SALT - Sunday, 8 Sivan 5780 - May 31, 2020

  • Rav David Silverberg
 
 
            Parashat Beha’alotekha concludes with the story of Miriam’s being stricken with tzara’at (leprosy) as a punishment for speaking derogatorily about her brother, Moshe.  During the time she was afflicted with tzara’at, for seven days, she was required to remain outside the Israelite camp (12:14-15).  This followed the law requiring somebody who was determined to be a metzora (person stricken with tzara’at) to remain quarantined outside the camp until he was healed (Vayikra 13:46).
 
            The Gemara in Masekhet Zevachim (101b-102a) raises the question as to how the halakhic process of determining Miriam’s status unfolded.  If a person is stricken with tzara’at, even if the discoloration clearly and unmistakably meets Halakha’s criteria for tzara’at, he does not attain the formal status of metzora until he is examined by a kohein and the kohein declares him a metzora.  The Gemara thus wonders who declared Miriam a metzora.  The Torah states that at the time she was punished, she was alone with Moshe and Aharon.  Moshe, the Gemara says, was ineligible to declare her a metzora because he was not a kohein, and Aharon was not eligible for this role because he was her family member.  The Gemara concludes that the Almighty Himself made this proclamation, and it was He who conferred upon Miriam the halakhic status of a metzora.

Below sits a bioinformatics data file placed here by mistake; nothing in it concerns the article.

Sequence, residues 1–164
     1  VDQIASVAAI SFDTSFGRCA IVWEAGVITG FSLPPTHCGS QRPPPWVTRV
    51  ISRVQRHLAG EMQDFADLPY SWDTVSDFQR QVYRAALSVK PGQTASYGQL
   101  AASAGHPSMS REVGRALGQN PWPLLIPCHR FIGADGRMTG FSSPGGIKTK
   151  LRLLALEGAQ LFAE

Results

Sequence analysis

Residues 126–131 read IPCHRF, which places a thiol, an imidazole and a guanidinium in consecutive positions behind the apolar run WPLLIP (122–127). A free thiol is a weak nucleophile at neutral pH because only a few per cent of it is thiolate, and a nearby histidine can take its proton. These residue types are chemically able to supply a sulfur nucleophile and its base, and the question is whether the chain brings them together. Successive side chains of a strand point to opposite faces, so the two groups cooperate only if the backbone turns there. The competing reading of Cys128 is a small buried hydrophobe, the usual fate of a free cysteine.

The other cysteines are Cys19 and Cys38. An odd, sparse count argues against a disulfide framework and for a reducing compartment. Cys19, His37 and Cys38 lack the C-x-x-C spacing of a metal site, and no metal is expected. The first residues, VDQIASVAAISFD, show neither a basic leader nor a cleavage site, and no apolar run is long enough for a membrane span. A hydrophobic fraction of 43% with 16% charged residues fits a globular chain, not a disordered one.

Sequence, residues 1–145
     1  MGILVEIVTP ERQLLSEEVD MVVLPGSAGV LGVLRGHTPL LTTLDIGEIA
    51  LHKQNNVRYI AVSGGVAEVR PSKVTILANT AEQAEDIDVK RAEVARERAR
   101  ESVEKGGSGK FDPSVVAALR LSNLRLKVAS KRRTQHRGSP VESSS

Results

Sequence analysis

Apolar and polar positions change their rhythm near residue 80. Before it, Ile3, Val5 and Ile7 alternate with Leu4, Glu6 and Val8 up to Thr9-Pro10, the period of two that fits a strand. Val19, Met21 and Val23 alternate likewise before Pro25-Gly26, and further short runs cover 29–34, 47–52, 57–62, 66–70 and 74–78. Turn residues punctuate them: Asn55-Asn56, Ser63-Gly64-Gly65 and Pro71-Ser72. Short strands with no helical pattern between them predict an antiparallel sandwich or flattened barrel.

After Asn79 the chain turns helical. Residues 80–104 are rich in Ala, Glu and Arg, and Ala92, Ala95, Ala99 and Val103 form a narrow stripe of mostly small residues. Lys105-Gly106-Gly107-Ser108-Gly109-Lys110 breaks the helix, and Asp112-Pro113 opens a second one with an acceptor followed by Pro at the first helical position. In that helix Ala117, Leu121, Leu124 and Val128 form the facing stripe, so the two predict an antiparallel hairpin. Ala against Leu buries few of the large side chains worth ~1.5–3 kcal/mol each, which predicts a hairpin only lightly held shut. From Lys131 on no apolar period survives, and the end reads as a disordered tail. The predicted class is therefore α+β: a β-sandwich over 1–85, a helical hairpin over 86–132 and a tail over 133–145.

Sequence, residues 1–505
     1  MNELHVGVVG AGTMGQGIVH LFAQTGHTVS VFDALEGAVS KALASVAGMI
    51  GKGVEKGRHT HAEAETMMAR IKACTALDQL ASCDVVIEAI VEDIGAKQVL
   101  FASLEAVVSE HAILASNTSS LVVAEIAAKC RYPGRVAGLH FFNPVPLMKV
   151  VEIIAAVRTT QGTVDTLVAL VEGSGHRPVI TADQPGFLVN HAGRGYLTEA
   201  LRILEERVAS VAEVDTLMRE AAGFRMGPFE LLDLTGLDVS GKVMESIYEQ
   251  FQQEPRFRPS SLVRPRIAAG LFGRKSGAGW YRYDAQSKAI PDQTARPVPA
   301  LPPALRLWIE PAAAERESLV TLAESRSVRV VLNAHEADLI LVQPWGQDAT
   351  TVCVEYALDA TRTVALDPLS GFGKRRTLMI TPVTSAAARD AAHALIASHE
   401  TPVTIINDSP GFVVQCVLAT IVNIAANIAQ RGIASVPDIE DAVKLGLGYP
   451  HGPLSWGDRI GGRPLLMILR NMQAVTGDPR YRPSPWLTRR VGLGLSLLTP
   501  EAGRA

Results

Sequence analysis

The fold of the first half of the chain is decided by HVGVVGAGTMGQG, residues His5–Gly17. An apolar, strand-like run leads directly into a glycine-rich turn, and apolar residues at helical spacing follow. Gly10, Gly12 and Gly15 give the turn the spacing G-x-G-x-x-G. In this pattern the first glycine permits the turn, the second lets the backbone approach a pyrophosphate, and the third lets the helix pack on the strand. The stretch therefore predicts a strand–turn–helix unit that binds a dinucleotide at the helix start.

The Maharsha wonders why the Gemara said that Moshe was disqualified only because he was not a kohein.  After all, like Aharon, he was Miriam’s brother, and so he was ineligible to pronounce her a metzora also because of his familial relationship to her.  Why, then, did the Gemara mention only that Moshe was not a kohein?